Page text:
The medley moves through two more songs, with extended jams, then slides into one of the prettiest ballads in Stills' repertoire. Co-written with Hillman, Both of Us (Bound to Lose) has the ex-Byrd member and Stills each singing a verse then harmonizing the final verse in a brilliant arrangement framed with ringing acoustic guitars, tremolo electric piano, and a sweet guitar solo. Hillman's voice is relaxed and emotive, complimenting Stills' gravelly bluesman vocals.

The Wilderness. Or Grand Ole Opry--Manassas-style. Fallen Eagle kicks off side two with a wild bluegrass tune, driven by country fiddle and Hillman's fiery mandolin playing. The humorous lyrics decry the eagle's pending extinction at the hands of greedy ranchers. At the real Opry, this would have raised some eyebrows, but the tune is executed with that same kind of energy and crisp playing we hear from Nashville cats like Ricky Scaggs. Al Perkins' lightning-fast pedal steel guitar solo is a standout.

Happily, Stills reaches into his bag of older songs and finally entrusts So Begins the Task to Manassas in what is one of many highlights of the album. Musing once again about Judy Collins, Stills sings with the heart of a poet, offering lines such as:

Camping on the edge of your city I wait
Hoping someday you might see beyond yourself
The shadows on the ceiling--hard but not real
Like the bars that cage you within yourself

The vocal blend on the chorus of this song is the best this side of CSN's first record.

Side two ends with Stills' humble response to his critics. Also filled with great melodic hooks, Don't Look at My Shadow is Stills' looking forward, no longer leaning on his fame or the hype surrounding it.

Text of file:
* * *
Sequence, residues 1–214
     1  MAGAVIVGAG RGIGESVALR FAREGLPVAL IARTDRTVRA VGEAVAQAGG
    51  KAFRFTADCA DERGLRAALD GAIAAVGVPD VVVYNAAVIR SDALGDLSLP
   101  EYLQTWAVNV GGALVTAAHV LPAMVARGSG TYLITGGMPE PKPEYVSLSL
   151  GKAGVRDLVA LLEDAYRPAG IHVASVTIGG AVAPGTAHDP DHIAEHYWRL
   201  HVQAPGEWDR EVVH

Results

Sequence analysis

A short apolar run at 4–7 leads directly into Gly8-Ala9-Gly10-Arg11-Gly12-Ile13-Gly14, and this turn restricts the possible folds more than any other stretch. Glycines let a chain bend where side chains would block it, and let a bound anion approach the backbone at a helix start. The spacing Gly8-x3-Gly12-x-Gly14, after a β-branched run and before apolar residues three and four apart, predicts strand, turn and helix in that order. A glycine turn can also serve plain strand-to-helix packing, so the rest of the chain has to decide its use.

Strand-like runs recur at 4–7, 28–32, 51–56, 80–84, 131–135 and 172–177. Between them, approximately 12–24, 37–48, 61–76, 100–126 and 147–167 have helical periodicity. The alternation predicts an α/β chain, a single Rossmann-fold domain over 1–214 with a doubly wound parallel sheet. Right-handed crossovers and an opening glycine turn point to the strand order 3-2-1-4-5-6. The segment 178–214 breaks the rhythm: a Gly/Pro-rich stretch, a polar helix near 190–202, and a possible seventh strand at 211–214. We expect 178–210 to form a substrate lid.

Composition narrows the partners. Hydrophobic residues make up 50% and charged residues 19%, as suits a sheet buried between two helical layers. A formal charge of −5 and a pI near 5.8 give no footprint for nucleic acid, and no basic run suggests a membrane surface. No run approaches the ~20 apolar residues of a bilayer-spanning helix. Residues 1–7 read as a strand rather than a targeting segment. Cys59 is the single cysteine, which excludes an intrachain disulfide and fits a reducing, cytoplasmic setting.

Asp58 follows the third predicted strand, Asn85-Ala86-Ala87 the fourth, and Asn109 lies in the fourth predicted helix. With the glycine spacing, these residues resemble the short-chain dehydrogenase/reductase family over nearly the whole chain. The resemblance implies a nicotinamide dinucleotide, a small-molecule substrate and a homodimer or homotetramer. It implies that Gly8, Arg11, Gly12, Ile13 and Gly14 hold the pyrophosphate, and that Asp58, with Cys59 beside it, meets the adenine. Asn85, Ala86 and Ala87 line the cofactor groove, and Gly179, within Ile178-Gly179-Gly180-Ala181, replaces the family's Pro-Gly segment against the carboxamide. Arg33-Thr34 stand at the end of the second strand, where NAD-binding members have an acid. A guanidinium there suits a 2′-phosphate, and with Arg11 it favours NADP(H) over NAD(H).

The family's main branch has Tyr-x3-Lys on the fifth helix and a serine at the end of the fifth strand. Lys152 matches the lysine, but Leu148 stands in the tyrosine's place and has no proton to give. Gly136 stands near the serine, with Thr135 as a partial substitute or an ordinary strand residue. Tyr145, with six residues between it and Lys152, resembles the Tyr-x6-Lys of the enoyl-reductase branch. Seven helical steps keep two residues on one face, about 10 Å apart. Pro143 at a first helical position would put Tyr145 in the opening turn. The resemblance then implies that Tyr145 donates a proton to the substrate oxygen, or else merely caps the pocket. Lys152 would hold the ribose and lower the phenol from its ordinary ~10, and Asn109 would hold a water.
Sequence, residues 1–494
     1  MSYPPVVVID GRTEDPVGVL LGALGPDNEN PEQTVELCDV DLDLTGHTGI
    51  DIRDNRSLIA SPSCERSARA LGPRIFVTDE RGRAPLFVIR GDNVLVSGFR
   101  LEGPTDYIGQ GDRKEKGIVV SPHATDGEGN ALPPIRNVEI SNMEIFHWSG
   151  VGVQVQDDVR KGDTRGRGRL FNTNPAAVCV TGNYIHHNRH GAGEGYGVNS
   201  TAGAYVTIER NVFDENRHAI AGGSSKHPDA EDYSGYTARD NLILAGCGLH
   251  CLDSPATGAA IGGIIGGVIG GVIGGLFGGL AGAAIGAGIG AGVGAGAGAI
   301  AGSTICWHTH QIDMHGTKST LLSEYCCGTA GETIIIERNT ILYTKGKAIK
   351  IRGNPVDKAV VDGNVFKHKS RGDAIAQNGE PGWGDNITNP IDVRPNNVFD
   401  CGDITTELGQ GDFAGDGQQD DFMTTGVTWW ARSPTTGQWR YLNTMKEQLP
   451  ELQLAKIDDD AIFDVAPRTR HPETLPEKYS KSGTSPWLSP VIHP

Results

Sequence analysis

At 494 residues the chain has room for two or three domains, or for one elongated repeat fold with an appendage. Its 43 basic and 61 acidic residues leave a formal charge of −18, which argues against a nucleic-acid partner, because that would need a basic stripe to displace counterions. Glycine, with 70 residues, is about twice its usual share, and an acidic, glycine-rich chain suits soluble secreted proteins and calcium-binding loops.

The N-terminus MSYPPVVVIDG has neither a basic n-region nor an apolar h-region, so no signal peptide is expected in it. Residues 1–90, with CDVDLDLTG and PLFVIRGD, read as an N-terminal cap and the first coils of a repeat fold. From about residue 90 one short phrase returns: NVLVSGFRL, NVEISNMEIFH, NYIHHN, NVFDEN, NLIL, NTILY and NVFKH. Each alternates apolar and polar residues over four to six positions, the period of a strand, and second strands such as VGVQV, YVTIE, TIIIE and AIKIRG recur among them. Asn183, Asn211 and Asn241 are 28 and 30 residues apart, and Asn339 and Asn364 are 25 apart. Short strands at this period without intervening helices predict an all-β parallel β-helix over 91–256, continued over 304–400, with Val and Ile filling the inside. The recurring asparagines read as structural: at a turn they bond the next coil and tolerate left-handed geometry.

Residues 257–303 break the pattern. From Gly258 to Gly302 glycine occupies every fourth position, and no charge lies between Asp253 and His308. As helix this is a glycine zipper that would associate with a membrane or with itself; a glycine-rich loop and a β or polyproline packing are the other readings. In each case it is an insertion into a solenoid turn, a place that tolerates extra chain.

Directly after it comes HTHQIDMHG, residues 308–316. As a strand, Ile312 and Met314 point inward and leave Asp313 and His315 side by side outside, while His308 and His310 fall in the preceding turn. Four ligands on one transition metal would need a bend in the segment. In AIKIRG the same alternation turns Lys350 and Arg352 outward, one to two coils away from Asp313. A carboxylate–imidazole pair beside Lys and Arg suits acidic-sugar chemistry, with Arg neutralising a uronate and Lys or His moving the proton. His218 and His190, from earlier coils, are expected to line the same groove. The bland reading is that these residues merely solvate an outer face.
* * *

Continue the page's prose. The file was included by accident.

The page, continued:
Consider. Side three of this debut album is so strong you realize Stills is riding a wave of creativity unmatched by any time in his career. Consider kicks off with It Doesn't Matter, a stellar collaboration between Stills and Hillman containing one of Stills' catchiest guitar hooks ever. In sweet melody and harmony, the two vocalists sing out:

Fallin' and spinnin', losin' and winnin'
Keepin' my head
Watchin' for signals, wearisome vigils
Was I misled, I remember you said that you
Don't want to forget me
It doesn't matter which of our fantasies fled

Taylor, Lala, and Samuels lay out a driving rhythm, embellished by Perkins' pedal steel and Harris' organ pumped through a Leslie rotary speaker. When Stills launches into the guitar solo, he seems completely at ease, focusing on "feel" rather than technique, saying all he needs to say with fewer notes. If there is one song on this double album that epitomizes the talent of this band, it has to be It Doesn't Matter.

Johnny's Garden is another gem from Consider. From the evocative verses, we imagine Stills sitting in the garden of the house be bought from Ringo Starr while living in England, enjoying a quiet respite from life on the road. He sings of his gardener's handiwork:

With his love and his caring
He puts his life into beauty sharing
And his children are his flowers
And they give me peace in quiet hours

Side three also contains a dazzling cover of a Michael Brewer (of Brewer and Shipley) and Tom Mastin song, called Bound to Fall. Stills plays an alternate tuned acoustic guitar with precision and fury, reminding us of the fire of Bluebird and Judy Blue Eyes. The Love Gangster is a smoking R&B song with Stills' wah-wah guitar hooks and Bill Wyman sitting in on bass.